The Birth And Subsequent Death Of Goth: A History
For all of humanity’s greatness—the pyramids, the Hoover Dam, our capacity to love—human beings have proven ourselves quite capable of doing truly disgusting things. Waging wars, acting upon greed, not to mention wearing those godforsaken toe shoes. In an effort to build a more just, rational, and aesthetically pleasing future, in a series of pieces for the good ship Ran$om Note I’m going to be looking at some of the mainly music led fashion tribes that have dominated the UK’s subcultures.
We’ll be ignoring the 18th and 19th Century dandies, who also revelled in the strictures of ‘correct’ attire, or plumped for flamboyant, decadent dress, with a hint of gender confusion thrown in for good measure and concentrating on the latter half of the 20th Century when the sartorial descendants of Beau Brummel and his ilk began to come in waves every few years. In the 1950s Teds came along, resurrecting the Edwardian drape coats that gave them their name (a look to be revived later in the 70s, filtered through Glam, or in its original form). The 1960s belonged to Mods, who morphed into both the Skin and Suedeheads, and saw their sharp-suited tastes perennially revived. Even Punk, whatever the protagonists might say about DIY, post-Winter of Discontent rage and anarchy, was a fashion movement first and foremost: just ask Vivienne Westwood and Malcolm MacLaren.
Today though we’ll be focusing on the 80’s and every parent’s nightmare…. the Goth!
It was on a dull autumn night in 1981 I’m told, that a semi-professional Wayne Hussey look-a-like called into a certain busy nightclub in Newcastle city centre to raise a glass after attending the funeral of a vagrant he’d met during his visits to the South Sheilds ferry terminal. Looking dapper in the oversized black overcoat that he had purchased enthusiastically from Phase the previous afternoon and the battered hobnailed boots (that he had swapped with the corpsey gravedigger at the aforementioned paraffin’s send off that very day for his all too conventional Ravel brogues), he tightly gripped his plastic glass of cider before toasting the transients (lack of) health.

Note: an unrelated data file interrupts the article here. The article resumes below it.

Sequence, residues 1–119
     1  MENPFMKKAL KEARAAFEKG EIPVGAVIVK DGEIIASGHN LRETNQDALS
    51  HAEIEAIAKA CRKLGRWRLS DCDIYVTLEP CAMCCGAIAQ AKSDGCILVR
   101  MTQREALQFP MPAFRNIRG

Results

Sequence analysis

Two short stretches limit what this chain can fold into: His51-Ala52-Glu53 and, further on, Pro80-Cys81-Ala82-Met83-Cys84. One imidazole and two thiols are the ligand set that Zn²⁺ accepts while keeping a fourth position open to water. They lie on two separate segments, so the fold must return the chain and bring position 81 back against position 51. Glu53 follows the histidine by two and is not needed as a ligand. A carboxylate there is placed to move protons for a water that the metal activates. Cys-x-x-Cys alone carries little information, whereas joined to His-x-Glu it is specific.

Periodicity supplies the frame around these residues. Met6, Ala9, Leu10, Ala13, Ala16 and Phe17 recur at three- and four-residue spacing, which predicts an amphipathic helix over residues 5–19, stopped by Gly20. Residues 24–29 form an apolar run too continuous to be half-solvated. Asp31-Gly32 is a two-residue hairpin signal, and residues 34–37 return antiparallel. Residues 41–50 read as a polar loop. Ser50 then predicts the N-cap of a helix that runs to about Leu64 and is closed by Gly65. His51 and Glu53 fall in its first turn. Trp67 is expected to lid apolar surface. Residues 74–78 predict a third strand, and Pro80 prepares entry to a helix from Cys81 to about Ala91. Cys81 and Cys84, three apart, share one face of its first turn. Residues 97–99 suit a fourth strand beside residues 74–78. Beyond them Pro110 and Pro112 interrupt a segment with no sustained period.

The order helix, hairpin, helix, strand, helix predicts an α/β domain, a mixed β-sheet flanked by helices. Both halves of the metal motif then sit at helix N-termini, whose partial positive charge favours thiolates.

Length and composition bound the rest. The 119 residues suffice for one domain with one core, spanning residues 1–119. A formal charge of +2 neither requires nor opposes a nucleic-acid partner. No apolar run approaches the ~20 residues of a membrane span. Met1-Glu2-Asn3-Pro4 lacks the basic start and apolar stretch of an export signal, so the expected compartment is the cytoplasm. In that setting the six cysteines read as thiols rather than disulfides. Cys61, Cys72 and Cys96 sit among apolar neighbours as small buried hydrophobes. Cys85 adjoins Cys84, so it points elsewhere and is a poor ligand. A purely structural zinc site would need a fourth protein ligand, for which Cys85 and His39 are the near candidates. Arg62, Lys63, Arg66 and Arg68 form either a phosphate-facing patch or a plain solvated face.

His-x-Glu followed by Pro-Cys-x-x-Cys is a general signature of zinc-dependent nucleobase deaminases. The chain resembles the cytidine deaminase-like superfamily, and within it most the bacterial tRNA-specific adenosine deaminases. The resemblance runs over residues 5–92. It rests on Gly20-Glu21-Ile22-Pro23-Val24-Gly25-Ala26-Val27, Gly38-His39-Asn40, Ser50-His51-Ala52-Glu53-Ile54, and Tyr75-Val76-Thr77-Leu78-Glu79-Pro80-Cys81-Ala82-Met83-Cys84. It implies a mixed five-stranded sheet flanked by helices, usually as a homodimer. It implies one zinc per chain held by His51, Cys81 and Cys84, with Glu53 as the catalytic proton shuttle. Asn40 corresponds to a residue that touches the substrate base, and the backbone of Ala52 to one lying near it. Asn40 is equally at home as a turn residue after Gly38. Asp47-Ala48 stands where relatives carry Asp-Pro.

While grinning to himself and remembering the good times spent down the dock with his pal, he caught a glimpse of his reflection in a grubby mirror and suddenly imagined adding an array of bondage inspired chainware to his new gotten garms. He amused himself at the antics of the people around him, prancing as though they had removed their shoes and were dancing on broken glass, or shatter proof plastic as was in this case.
Little did he know it, but this excursion amongst the brightly coloured New Romantic revellers of Rockshots would change them forever. For they regarded his look with as much excitement and confusion as he had theirs! They were about to literally enter the dark ages, with weirdos far and wide beginning to dress like professional mourners on a 24/7 basis! As Chant #1 spun on the deck, suddenly everyone began to struggle with the issue of why everyone had up until then preferred trainers to grave digging/navvy footwear and,,,, just where were their lives leading?
Immediately, sales at clothes shops like Phaze and Kard Bar frequented by the North Easts wannabe Blitz Kids plummeted as the leather Biggles jacket, tailored trouser and Breton stripes were discarded for the trench coat and black chunky knit jumper. The manager of the cities Army and Navy flagship store contemplated a Wall Street Crash style suicide bid due to poor sales of newly acquired Italian Combat jackets by jumping from the balcony in area of the shop that housed the ex-battle dress surplus. The world had gone mad! Many worried as their old mates discarded the Japan, Adam And The Ants and even the ‘Girl Tennis Player Scratching Her Arse’ posters, and painted their whole bedroom, furniture included, black! As shares shot up at Dulux, weary tears appeared in the eyes of the parents of teenagers across the land. Black was the new black and more was yet to come, it was like the Addams Family all over again.